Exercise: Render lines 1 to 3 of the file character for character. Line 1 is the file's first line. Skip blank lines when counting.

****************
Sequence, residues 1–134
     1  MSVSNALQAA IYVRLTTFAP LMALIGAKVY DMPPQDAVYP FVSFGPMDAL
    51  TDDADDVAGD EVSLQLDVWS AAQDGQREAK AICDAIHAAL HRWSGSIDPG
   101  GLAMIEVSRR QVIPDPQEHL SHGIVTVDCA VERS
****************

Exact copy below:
Sequence, residues 1–134
     1  MSVSNALQAA IYVRLTTFAP LMALIGAKVY DMPPQDAVYP FVSFGPMDAL
    51  TDDADDVAGD EVSLQLDVWS AAQDGQREAK AICDAIHAAL HRWSGSIDPG